The first example shows how to run the ReduceTask using date, chip, filter, and object information. This allows one to process all data for a given object on a specific day taken in a certain filter, and only one CCD of the mosaic. The second example shows how to run the ReduceTask using specific data with known raw filenames.
The options can be used in any order and can be omitted, but the likelihood of locating required data depends on relaying a minimum of information as shown in the examples.
The third, and most powerful, way of creating a ReducedScienceFrame is by using the basic building blocks of the system directly from the awe-prompt. This method is used if one wants to manipulate the system down to the nitty-gritty details. An example of how a ReducedScienceFrame is made from the awe-prompt in this fashion is given below:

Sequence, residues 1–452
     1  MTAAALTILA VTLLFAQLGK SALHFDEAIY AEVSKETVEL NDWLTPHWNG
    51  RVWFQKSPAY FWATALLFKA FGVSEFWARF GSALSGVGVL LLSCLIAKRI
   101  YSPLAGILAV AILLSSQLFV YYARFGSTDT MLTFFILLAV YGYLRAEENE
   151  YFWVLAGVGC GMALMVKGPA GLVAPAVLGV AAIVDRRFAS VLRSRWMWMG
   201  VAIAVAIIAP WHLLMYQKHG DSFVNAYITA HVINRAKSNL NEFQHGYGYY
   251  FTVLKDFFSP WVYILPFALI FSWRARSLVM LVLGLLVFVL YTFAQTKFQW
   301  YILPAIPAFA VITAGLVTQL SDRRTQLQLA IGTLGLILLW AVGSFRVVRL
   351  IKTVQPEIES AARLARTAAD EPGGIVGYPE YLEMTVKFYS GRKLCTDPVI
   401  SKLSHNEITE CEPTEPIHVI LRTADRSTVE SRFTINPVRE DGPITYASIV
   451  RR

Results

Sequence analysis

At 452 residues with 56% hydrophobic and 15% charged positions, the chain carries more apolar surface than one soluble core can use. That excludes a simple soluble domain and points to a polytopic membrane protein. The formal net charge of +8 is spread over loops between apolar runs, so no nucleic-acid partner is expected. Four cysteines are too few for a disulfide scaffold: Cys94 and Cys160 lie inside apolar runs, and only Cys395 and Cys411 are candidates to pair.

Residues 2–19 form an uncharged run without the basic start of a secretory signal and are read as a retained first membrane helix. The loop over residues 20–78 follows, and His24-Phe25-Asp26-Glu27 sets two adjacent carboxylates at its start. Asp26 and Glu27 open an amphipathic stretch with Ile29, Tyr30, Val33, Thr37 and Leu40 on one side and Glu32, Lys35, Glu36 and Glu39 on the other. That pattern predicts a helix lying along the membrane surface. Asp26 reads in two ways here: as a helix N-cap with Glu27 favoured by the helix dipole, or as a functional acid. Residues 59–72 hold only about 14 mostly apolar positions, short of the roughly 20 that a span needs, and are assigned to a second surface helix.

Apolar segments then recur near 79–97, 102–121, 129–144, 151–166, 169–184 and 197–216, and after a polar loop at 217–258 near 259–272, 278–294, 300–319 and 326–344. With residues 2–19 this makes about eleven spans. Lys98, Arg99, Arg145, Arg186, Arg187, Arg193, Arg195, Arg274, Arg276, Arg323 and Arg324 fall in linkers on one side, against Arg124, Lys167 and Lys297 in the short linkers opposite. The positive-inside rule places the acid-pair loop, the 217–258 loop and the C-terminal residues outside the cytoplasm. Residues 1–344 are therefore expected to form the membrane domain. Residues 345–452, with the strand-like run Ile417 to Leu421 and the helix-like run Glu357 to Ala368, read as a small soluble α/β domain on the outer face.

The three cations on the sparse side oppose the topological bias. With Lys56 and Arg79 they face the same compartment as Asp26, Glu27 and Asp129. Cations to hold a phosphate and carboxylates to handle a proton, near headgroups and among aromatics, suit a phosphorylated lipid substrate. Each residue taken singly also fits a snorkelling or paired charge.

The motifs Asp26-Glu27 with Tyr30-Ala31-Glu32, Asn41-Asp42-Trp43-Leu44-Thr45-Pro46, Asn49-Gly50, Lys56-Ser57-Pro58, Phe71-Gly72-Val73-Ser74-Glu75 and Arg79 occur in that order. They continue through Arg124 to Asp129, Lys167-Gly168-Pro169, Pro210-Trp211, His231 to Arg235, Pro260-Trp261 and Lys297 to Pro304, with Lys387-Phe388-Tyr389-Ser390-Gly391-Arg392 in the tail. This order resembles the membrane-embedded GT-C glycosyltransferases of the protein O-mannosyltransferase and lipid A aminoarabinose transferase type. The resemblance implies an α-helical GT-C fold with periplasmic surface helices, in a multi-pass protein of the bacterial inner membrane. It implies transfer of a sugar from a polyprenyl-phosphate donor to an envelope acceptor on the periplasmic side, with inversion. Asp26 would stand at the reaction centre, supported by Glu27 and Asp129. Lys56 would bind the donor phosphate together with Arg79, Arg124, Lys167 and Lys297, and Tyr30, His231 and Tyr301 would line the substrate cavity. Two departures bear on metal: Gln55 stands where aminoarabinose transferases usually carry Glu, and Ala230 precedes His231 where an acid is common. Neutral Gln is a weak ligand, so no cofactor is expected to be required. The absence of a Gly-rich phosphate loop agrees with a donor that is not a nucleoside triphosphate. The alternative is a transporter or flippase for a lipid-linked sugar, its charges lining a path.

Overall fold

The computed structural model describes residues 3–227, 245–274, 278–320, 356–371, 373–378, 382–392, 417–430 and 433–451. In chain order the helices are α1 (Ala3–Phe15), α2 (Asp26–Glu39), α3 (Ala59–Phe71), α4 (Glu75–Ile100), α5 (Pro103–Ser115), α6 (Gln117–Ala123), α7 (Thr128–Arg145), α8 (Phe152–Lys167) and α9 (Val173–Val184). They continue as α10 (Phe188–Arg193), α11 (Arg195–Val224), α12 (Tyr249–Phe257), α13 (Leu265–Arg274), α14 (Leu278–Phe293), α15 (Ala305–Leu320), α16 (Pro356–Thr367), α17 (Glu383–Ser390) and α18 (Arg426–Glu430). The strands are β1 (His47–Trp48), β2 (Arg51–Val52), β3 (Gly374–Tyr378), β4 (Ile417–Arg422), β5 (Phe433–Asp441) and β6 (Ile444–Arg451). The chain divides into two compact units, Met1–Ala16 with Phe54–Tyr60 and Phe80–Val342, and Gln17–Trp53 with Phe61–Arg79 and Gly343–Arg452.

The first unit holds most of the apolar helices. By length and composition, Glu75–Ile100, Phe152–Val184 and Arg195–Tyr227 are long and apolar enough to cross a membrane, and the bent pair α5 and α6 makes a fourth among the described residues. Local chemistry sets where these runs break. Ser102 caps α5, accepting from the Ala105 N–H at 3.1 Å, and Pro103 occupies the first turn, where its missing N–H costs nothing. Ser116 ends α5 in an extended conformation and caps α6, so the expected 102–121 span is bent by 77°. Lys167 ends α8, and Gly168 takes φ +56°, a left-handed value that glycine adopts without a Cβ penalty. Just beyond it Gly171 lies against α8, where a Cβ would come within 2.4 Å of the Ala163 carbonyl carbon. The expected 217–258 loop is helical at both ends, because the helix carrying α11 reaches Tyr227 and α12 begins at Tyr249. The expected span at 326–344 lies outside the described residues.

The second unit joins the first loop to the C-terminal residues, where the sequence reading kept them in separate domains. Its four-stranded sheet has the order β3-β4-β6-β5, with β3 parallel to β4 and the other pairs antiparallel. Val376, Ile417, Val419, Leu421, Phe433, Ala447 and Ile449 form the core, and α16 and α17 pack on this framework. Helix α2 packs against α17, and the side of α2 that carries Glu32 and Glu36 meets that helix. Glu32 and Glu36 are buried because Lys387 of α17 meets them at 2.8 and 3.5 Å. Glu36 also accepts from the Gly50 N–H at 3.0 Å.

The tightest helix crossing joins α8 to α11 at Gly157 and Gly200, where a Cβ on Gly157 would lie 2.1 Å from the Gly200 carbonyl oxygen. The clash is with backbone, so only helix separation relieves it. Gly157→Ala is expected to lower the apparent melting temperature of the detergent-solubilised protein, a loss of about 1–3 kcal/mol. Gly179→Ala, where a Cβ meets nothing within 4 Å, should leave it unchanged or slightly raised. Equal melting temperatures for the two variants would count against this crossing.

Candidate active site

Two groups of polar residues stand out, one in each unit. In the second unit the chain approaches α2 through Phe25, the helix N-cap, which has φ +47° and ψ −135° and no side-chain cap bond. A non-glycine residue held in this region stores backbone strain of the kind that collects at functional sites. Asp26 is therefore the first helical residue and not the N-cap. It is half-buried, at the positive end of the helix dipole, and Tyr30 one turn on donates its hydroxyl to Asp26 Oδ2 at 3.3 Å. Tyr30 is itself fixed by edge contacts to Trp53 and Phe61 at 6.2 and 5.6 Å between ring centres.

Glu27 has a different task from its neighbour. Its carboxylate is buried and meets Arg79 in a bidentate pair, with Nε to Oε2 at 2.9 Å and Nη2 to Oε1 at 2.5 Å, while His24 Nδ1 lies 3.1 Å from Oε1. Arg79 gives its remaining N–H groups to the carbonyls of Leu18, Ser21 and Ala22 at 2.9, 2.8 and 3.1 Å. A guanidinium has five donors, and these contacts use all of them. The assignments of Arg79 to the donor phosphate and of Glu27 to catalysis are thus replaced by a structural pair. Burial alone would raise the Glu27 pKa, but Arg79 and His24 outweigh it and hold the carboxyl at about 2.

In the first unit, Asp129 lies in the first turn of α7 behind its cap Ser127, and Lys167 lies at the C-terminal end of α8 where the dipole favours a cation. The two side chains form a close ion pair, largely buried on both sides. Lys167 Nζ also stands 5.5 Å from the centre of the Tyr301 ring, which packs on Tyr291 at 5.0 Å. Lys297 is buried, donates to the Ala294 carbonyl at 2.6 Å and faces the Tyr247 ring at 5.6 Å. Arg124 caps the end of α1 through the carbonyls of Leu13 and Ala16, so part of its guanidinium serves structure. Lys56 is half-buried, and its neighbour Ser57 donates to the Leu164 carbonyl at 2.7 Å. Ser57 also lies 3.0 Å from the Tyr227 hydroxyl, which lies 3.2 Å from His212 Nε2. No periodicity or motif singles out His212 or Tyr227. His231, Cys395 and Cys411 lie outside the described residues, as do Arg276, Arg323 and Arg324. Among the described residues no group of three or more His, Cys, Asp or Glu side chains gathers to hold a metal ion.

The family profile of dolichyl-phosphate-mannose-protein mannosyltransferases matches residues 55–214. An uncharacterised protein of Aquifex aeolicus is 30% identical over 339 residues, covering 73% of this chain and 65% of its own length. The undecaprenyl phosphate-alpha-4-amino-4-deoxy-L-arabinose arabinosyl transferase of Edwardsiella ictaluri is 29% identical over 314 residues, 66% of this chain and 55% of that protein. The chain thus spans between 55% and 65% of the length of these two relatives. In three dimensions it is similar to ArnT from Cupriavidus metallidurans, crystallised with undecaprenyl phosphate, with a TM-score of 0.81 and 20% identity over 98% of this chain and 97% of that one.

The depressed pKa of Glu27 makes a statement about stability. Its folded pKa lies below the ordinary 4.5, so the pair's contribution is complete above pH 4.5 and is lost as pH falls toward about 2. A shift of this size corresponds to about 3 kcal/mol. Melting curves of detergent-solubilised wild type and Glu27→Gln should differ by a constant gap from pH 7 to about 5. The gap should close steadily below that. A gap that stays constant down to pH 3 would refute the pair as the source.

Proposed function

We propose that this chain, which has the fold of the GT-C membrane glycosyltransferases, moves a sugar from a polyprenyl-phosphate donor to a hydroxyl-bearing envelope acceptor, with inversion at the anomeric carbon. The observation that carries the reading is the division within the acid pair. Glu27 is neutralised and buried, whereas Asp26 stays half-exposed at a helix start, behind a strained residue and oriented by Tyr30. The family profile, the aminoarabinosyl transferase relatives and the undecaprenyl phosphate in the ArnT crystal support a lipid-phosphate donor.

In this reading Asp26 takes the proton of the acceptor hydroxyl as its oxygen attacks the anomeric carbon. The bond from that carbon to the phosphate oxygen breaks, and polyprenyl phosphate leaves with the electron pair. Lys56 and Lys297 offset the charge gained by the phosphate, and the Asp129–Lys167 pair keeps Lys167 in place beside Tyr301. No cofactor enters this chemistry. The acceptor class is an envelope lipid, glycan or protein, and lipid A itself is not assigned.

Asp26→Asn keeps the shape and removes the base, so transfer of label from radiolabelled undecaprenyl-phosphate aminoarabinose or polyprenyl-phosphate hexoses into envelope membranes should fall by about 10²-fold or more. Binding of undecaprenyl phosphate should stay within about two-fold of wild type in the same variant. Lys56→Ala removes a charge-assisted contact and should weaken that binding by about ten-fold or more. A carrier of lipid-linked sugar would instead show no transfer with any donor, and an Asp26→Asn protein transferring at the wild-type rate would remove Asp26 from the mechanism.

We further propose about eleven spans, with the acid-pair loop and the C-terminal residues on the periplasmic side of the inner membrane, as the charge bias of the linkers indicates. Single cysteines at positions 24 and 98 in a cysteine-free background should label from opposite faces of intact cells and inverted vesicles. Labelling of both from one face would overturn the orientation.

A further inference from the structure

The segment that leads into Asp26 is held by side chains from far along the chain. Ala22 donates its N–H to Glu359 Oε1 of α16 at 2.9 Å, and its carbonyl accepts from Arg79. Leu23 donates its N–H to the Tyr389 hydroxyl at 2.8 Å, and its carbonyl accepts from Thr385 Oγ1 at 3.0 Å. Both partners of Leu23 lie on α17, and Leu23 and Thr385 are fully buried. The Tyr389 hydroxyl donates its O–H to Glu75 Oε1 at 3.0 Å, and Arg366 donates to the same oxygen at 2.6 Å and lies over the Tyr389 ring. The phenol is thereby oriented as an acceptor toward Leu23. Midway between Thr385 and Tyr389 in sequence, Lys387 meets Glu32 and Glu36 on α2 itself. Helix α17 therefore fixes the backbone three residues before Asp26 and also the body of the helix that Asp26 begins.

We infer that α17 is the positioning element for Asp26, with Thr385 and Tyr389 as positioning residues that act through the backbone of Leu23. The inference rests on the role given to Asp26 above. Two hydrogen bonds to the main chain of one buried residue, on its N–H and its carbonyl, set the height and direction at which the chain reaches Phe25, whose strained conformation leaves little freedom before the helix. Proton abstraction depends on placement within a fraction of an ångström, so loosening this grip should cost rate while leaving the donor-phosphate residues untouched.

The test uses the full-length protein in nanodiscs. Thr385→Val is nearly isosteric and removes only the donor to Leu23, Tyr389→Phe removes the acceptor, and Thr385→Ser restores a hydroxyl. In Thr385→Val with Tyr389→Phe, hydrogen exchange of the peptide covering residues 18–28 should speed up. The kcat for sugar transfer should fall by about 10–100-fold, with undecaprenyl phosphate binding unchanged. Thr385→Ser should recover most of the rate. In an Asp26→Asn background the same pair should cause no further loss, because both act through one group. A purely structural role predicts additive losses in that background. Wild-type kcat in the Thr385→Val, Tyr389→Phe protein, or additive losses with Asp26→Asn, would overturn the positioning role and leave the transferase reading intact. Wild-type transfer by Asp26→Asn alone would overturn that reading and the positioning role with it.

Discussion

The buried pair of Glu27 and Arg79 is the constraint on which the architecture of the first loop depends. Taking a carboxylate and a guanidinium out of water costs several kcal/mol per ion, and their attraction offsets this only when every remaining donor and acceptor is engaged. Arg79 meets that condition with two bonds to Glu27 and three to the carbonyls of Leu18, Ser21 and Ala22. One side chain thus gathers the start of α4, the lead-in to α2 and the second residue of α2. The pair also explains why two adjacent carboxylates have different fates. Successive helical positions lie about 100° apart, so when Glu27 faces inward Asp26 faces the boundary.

1. awe> from astro.main.RawFrame import RawScienceFrame 2. awe> from astro.main.ReducedScienceFrame import ReducedScienceFrame 3. awe> from astro.main.MasterFlatFrame import MasterFlatFrame 4. awe> from astro.main.ColdPixelMap import ColdPixelMap 5. awe> from astro.main.HotPixelMap import HotPixelMap 6. awe> from astro.main.BiasFrame import BiasFrame 7. awe> raw = (RawScienceFrame.filename == 'WFI.2000-01-01T08:57:15.410_3.fi ... ts') 8. awe> hot = HotPixelMap.select_for_raw(raw) 9. awe> cold = ColdPixelMap.select_for_raw(raw) 10. awe> flat = MasterFlatFrame.select_for_raw(raw) 11. awe> bias = BiasFrame.select_for_raw(raw) 12. awe> reduced = ReducedScienceFrame() 14. awe> reduced.raw = raw 15. awe> reduced.hot = hot 16. awe> reduced.cold = cold 17. awe> reduced.bias = bias 18. awe> reduced.flat = flat 19. awe> reduced.raw.retrieve() 20. awe> reduced.hot.retrieve() 21. awe> reduced.cold.retrieve() 22. awe> reduced.bias.retrieve() 23. awe> reduced.flat.retrieve() 24. awe> reduced.set_filename() 25. awe> reduced.make() 26. awe> reduced.store() 27. awe> reduced.weight.store() 28. awe> reduced.commit()In steps (1)-(6), the minimum number of classes relevant for this processing step are imported. Other classes that could be used here are FringeFrame and IlluminationCorrectionFrame. In steps (7)-(11), the database is queried for the necessary dependencies. In step (7), the RawScienceFrame to be processed is retrieved, and in steps (8)-(11) the calibration files to use. In steps (12) and (13), the ReducedScienceFrame object is instantiated, and one of its process configuration parameters is set. In steps (14)-(24), the dependencies of the ReducedScienceFrame are set, and the pixel-data underlying the calibration files are retrieved from the fileserver. In step (24), the filename of the ReducedScienceFrame to be is created and set. Finally, in steps (25)-(28), the ReducedScienceFrame is made, its pixel-data is stored, and the object itself is committed to the database. Note that in step (27), the WeightFrame associated with the ReducedScienceFrame object is also stored; the weights are a very important by-product of making the ReducedScienceFrame that should never be forgotten.